- I trust you no longer have any pumpkin stouts or Oktoberfests sitting around. If you come across it, don't bother with it unless it's from a trusted source (Southern Tier's Pumking and Schlafly's Pumpkin Ale are the only ones I trust). Several of you drank Blue Moon's pumpkin ale, presumably on purpose, and I really don't know how to respond to that.

- There are also too few porters on this list. There are some bad porters, of course, but find yourself a good vanilla porter. I think you'll love it.

- I recognize the utility of light beer, but in cold weather, said utility is quite limited. An ice-cold Coors Light, for example, is terrific after running around outside all afternoon on a summer day. If it's 25 degrees outside, do you really want one? It tastes like nothing. Be good to yourself. Drink a thing that tastes like a thing.

- Light beer and lager claim a third of this pie. That's a lot of mediocre drinkin', y'all. Remember that this Sunday ought to be a special occasion.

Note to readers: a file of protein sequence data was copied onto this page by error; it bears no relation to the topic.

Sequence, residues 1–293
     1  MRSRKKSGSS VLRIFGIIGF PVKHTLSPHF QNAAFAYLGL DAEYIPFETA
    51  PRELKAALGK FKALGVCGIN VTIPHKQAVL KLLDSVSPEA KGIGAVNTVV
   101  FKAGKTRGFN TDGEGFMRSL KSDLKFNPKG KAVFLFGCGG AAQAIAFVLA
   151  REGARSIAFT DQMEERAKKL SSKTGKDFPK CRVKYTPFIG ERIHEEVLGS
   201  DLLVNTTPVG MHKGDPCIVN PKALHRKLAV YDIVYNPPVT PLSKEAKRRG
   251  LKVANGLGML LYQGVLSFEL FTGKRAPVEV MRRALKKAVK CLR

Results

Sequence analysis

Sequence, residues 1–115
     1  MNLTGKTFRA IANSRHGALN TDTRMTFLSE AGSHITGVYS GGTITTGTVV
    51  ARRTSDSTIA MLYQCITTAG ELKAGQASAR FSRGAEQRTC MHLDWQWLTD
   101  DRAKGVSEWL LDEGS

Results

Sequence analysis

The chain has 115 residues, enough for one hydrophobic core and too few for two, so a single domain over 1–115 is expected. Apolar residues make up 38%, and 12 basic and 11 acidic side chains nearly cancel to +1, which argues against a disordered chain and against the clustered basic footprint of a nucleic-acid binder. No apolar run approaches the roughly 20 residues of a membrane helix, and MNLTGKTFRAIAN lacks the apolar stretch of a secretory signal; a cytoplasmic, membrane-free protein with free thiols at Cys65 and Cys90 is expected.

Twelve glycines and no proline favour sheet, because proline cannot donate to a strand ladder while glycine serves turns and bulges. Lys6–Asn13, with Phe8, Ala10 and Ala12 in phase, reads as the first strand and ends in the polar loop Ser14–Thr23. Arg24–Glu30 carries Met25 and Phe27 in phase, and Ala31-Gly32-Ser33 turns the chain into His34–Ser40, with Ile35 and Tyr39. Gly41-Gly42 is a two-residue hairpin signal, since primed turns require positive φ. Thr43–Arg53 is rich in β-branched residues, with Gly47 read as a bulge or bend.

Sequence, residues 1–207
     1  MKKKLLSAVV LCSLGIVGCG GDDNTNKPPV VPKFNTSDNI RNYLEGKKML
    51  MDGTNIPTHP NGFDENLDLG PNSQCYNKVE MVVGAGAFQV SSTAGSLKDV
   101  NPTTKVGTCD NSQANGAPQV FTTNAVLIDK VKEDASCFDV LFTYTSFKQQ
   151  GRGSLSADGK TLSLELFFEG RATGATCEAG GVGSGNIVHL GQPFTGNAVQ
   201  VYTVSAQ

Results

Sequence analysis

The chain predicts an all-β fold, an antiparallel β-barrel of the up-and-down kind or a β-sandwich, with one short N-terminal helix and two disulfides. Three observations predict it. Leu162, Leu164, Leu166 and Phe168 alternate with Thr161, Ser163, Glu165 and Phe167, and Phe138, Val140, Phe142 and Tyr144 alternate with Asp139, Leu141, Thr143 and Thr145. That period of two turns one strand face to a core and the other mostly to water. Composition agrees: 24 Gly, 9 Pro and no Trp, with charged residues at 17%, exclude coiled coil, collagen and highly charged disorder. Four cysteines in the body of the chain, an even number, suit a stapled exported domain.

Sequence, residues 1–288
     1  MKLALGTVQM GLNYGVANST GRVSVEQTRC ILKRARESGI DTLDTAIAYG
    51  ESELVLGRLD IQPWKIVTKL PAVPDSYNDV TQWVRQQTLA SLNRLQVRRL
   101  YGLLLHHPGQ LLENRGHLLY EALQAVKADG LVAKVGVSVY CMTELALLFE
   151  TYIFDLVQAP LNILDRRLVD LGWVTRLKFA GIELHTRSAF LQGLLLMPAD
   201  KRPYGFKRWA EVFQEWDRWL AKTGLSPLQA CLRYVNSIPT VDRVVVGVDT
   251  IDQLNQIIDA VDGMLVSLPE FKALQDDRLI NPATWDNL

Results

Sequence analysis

Let's get a little more specific.


There's a whole lot of wrong going on here, too. What were you thinking? Nobody's proud of Bud, Coors or Miller, but let's go up a rung to the premium "gas station" beers:

Samuel Adams. Their Noble Pils, if you can find it, is actually a fantastic beer. The Boston Lager is widely available and fine to drink. Many of their other offerings tend to be a take-or-leave sort of venture. Sam Adams is the Starbucks of beer: you hope there's something more interesting within reach, but if not, you'll be happy it's there.

Shiner. Boring. The Hell y'all drinkin' Bocks for?